No Man Is An Island (Called Smøla)

Smøla sun rise

Hello blog fans, I’m Daniel Christophersen. I am half Norwegian and half Scottish but have spent most of my life living in Scotland. After studying Chemical Engineering with Management at the University of Edinburgh I applied to the Statkraft International Trainee Programme in order to work with renewable energy and also to move back to Norway. Now here I am and it is my privilege and pleasure to write the first blog post for the latest batch of trainees which will be about the week I spent on the island of Smøla.

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The next generation: Justina, Sara, Sondre, Agnethe, Tobias, Daniel, Gleimy, Laxman in September ‘14

I have begun my rotations by working in the Wind Power & Technologies division and although I have also been involved with work regarding Offshore Wind the focus has been on the Onshore side. This included a trip to Sweden in October to visit a few of the wind parks Statkraft have over there. During the trip we spent a few hours at each park which was great for getting an insight into the general scale and layout of such a site.

A month after this I was offered to do something slightly different. This was to spend a week on an island called Smøla off the west coast of Norway taking part in the daily work and routines of the maintenance team at the wind park there. It is Norway’s largest wind farm and visiting represented a great opportunity for understanding what really goes on there on a daily basis so I told my manager I’d go.

The original week I was offered to go I was already taking part in a gathering with the rest of the trainee team at the opera house in Oslo where through a couple of workshops about communication skills and cultural awareness we learned the secrets of Bill Clinton’s lying techniques and how Norwegians are cold people compared to the rest of the world, or something along those lines, in an insightful few days. Therefore the week I actually went to Smøla was the last week before the Christmas holidays began when the conditions at the site were set to be at their wintry best. I packed my bag (half PPE, half woolly socks) and flew to Kristansund from where I took a ferry over to the island. I was picked up there and taken to my hotel by the site manager who agreed to pick me up the next morning to go to work.

We were greeted that next morning by a blizzard bellowing snow and ice into the windscreen of the car as the site manger drove us through the darkness to the wind park. Upon arrival I was introduced to the rest of the team who really were a friendly and accommodating group and, despite my poor handyman skills, patient with me during the execution of the different tasks throughout the week. I was shown around the office and warehouse where I was explained the improvements and changes that had been made through the implementation of a lean operations system referred to as 5S. It was impressive to reflect upon the work done in such short time that has made Smøla a shining example to the other Statkraft wind parks.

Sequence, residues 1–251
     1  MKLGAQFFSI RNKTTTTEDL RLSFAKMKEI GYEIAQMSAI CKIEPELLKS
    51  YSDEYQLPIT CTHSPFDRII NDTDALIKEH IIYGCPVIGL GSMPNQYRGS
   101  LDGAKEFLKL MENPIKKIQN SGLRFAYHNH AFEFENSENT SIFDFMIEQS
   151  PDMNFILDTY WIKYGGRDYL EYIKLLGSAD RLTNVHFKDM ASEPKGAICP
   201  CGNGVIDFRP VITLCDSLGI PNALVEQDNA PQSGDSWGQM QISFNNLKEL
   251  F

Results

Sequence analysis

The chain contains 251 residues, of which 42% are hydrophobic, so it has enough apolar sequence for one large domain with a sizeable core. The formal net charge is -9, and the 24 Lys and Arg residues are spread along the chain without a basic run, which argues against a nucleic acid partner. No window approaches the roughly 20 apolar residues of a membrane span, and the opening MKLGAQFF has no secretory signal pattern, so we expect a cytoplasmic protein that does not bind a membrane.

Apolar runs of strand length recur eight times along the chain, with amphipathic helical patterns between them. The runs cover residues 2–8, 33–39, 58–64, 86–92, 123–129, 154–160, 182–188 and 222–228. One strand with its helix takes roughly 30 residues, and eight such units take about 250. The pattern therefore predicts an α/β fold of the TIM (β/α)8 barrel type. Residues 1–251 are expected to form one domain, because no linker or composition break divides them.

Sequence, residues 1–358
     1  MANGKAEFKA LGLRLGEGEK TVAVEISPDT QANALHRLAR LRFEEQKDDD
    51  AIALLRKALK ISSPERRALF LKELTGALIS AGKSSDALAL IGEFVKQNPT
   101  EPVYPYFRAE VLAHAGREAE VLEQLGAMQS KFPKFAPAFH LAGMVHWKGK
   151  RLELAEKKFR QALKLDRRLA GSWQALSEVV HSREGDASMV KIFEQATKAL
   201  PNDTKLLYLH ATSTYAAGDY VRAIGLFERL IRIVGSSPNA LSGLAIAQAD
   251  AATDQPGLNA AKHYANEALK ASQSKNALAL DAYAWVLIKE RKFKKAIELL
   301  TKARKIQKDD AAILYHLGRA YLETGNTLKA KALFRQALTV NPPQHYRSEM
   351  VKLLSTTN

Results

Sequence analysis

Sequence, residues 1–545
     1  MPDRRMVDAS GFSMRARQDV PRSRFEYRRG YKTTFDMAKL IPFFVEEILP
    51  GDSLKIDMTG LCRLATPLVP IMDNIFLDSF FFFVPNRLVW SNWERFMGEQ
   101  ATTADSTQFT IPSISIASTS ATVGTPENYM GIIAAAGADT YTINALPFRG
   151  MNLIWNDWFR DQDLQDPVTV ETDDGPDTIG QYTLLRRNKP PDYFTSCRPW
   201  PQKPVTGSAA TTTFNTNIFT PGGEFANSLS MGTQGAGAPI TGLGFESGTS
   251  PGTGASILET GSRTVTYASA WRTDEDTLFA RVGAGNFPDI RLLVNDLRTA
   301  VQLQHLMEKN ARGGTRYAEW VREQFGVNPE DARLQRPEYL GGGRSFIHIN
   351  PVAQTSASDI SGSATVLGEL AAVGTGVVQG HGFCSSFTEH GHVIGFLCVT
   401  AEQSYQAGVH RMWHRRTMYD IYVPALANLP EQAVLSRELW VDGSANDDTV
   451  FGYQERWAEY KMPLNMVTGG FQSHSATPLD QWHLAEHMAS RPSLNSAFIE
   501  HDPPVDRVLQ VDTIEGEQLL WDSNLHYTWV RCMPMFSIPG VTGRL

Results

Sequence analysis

By 11am the sun had finally risen for the first time since I arrived at the island and I was able to see some of the interesting and diverse scenery Smøla has to offer. As should be expected of an island the weather would change dramatically throughout the week offering everything from thunderstorms to snow storms to clear, sunny skies at which point I was able to see some spectacular sun rises.

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As a result of the weather the roads leading up to the wind park became pure ice which presented an interesting additional challenge for me driving for the first time on, what may be referred to in Norway as, the correct side of the road having previously driven solely in the UK.


Some of the turbines have one of their three blades painted black as part of research into methods of reducing collisions with sea eagles of which there are many who inhabit the island

The tasks I assisted (and when I use that word I have to emphasis that based on the efficiency of my actions that it is one I use loosely) the team with ranged from changing out fried capacitors to climbing up and down the turbine walls like Spider-Man using a “rope moped” in order to replace bolts and culminated with a trip right to the top of the turbine to have a view on the inside and also of the outside from up there. From this I gained an insight into the working environment of the turbine in terms of types of tasks and challenges while also learning more about the specific mechanics of operation that you wouldn’t get from simply reading about it in a PDF back in the office.

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As I got a lift back to the ferry on the Friday I got to see a bit more of the rest of the island in daylight as previously the sun was already setting at about 3pm when I left work. It really is beautiful and described by those who inhabit the island, and those from the office who have previously visited, as a “summer paradise:” I visited at the wrong time of year to witness such an observation so perhaps I will have to return someday to see it for myself.

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My next rotation is as of yet undecided but could be in the International Hydro power division. If this is the case then further adventures likely await me in my foray into the world of renewable energy. Now that I have got the ball rolling you can look forward to further entries from my fellow trainees. Until then as my colleague Alex Gleim always says “keep it green, keep it clean and keep it real” readers.

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